July 30 -August 05, 2004


 Coastweek   Kenya

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Coastweek - - It is always difficult to do justice to the life of someone in a short address and, in attempting to do so for Ray, I am conscious that others present knew him for longer than I did.

I did, however, know him for nearly 30 years and was associated with him in the running of two of Mombasa's Clubs for much of the time so that I hope that I may be able to do justice to his memory in the following few words.

I know that Ray initially trained as a Banker before enlisting in the British Army in 1940 at the start of the Second World War.

He was soon in action in Northern France as part of Britain's Expeditionary Force and, following the retreat of that Force, was eventually evacuated from the beach at Dunkirk: an experience that he described to me on several occasions as being extremely frightening to a new, young soldier.

He was then posted to Mombasa where he served for the remainder of the War and, having evidently formed a bond with East Africa, remained there after the war.

Coastweek - - Ray Kester at
his 85th Birthday luncheon,
held at the Mombasa Club
'Bryson Room' on January
14, 2004.

His first job after demobilization was as a bursar at Makerere University in Uganda but it was not long before he returned to Mombasa to work with Bunson Travel Ltd. and then, in the mid 1950s, he joined Southern Lines Ltd where his financial ability was used to put order after its formation.

Southern Lines then operated a fleet of Coasters carrying general cargo and petroleum products on the East African Coast, around the Indian Ocean Islands and up to the Middle East.

The distinctive quartered logo of the Company carried on the funnels of the Southern Cross, Southern Isles, Southern Dawn, Southern Pioneer, Southern Trader, Southern Baobab and Southern Sky was a familiar site in the Port and around the Company's base at Mbaraki.

This base was also home to Southern Engineering Co. Ltd who were responsible for the maintenance of the vessels and for general marine and structural steel work in Mombasa.

Both Southern Lines and Southern Engineering were sold in the 1980s and from their ashes arose the phoenix of the Southern Group of Companies which in time came to include Southern Credit Finance, later to become Southern Credit Banking Corporation Ltd., Fidelity Shield Insurance Company Ltd and Senator Credit Cards.

As a Director of this Group Ray was closely involved with the setting up and administration of the Group's activities and was for some years its Chairman.

His reputation for competence and honesty was recognised by his appointment to influential Committees of the Federation of Kenya Employers, the National Social Security Fund, and on the Appeals Committee of the Income Tax Department, (now known as the Kenya Revenue Authority) and he continued to discharge these duties until his retirement.

This busy life did not, however, prevent him contributing in full measure to the two Clubs at which much of his leisure time was spent, and I know from my personal experience how much time and effort he gave to both.

Firstly, he was a keen sailor and sailed Umeme, his Lightning Class dinghy, for many years, assisted by his regular crew Mohammed, in the racing programme of Mombasa Yacht Club.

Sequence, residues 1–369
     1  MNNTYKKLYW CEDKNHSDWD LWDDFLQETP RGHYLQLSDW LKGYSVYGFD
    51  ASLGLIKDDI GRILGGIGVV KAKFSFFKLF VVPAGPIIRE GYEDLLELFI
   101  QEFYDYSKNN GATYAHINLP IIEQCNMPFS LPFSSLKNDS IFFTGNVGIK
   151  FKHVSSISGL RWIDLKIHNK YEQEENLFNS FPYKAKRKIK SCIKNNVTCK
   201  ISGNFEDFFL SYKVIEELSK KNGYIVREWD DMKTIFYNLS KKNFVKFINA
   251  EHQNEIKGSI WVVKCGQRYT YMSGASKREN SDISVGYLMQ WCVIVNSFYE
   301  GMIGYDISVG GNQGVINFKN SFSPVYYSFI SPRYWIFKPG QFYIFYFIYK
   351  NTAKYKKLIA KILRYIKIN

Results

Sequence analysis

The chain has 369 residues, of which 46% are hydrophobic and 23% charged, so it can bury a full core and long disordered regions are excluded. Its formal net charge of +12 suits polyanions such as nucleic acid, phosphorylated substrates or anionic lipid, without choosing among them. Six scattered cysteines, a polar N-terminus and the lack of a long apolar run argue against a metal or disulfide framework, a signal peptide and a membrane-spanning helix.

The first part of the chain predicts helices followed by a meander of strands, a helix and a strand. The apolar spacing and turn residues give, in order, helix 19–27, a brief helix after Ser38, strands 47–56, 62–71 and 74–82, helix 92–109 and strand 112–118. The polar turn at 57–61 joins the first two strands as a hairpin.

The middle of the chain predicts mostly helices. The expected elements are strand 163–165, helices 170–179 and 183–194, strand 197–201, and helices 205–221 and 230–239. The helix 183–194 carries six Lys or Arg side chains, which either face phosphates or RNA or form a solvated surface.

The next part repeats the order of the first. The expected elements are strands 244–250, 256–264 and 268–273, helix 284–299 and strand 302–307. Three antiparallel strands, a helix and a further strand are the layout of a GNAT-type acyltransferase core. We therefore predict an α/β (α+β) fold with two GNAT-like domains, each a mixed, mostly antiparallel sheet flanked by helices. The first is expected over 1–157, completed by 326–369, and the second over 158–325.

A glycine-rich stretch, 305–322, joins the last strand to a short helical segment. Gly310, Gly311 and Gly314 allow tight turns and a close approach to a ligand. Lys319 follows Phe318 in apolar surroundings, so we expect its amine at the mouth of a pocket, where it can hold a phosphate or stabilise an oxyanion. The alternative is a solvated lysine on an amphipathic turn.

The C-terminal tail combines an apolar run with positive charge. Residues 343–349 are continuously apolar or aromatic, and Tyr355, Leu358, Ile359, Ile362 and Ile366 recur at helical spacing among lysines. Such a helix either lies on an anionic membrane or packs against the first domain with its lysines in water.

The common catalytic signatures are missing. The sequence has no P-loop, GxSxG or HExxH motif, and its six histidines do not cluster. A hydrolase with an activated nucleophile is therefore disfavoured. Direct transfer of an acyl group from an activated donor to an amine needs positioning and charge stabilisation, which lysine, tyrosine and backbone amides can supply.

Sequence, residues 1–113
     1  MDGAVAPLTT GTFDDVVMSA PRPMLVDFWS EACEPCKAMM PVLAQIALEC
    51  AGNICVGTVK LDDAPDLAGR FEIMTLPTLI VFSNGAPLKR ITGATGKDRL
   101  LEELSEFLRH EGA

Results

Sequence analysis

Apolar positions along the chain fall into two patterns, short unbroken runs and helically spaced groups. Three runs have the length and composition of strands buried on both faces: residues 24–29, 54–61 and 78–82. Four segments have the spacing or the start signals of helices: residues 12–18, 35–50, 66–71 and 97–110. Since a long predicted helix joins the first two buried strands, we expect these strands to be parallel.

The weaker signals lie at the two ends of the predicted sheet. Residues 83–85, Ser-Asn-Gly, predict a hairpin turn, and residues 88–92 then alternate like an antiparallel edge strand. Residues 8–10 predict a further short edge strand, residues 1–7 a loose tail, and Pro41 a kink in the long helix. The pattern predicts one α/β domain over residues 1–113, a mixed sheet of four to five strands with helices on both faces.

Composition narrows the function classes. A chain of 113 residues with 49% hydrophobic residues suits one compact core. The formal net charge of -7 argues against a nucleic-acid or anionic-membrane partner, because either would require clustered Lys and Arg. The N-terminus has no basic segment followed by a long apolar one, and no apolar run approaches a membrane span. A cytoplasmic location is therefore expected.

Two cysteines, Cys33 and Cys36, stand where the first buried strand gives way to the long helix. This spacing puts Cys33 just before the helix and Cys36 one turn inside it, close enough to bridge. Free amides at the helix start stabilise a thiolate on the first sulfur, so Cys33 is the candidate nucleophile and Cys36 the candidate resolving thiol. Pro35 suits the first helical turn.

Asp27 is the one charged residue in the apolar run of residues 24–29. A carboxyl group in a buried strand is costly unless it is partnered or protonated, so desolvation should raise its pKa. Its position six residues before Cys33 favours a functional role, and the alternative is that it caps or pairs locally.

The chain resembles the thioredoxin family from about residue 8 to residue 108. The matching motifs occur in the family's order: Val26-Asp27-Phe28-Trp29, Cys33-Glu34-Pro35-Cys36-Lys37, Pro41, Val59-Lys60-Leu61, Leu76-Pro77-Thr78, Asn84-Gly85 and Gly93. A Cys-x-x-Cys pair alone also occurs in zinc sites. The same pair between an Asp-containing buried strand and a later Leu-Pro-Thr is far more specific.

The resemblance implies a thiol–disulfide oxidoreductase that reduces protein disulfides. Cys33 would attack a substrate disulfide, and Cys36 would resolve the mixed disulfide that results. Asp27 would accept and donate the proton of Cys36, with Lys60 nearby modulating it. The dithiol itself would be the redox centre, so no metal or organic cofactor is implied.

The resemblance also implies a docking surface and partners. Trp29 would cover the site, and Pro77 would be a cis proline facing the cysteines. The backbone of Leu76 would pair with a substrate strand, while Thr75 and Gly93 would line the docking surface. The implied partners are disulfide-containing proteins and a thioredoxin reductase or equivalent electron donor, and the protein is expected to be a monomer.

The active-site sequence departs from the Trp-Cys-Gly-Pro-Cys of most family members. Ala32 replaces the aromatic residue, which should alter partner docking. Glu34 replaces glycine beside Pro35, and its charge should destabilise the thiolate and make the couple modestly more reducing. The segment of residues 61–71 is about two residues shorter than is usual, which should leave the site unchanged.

Incidentally Umeme had quite a history being brought, allegedly under her own sail power, from Zanzibar after the revolution there.

The boat has now been extensively restored by Michael Smewing and I know that Ray was very pleased to think of her still being sailed at the Club.

But Ray not only took part in the sailing: he also made major contributions to the running of the Club and was for many years a regular on the Club's General and Sailing Committees.

He was Commodore, that is the equivalent of Chairman in non nautical language, of the Club for the years 1961, 1962 and 1979 and, having myself served with him on the same Committees I know how much the Club benefited from his wise words and financial advice.

It's probably true, however, to say that Ray's first love apart from his business commitments was for the Mombasa Club.

Here he played his regular games of snooker, took his Saturday lunches with his particular friends at the same table for many years and was a familiar and welcome face in what was then still the Men's Bar.

[Now, of course, renamed the Main Bar as Ladies are welcomed as Full Members of the Club.]

He was, however, again not just content to make use of the Club's facilities but contributed to its running.

He was for approximately 25 years a Board Member, was President in 1967 and was Chairman in 1977 and 1987.

After leaving the Board he took over from John Bryson as Chairman of the Club's Finance Committee and provided good, sensible advice to this Committee.

I am sure that all Mombasa Club Members here will remember his comprehensive presentation of the Club's Accounts at General Meetings and his ability to answer their questions on these Accounts thereafter although questions were usually few because of the way in which he had presented the Accounts.

It is, of course, a matter for sorrow that Ray's last years were dogged by illness but I, and I hope all of you, will always remember him as the calm, confident and above all trustworthy Ray Kester whose life we are met here today to commemorate.

- A.P.B., Mombasa.





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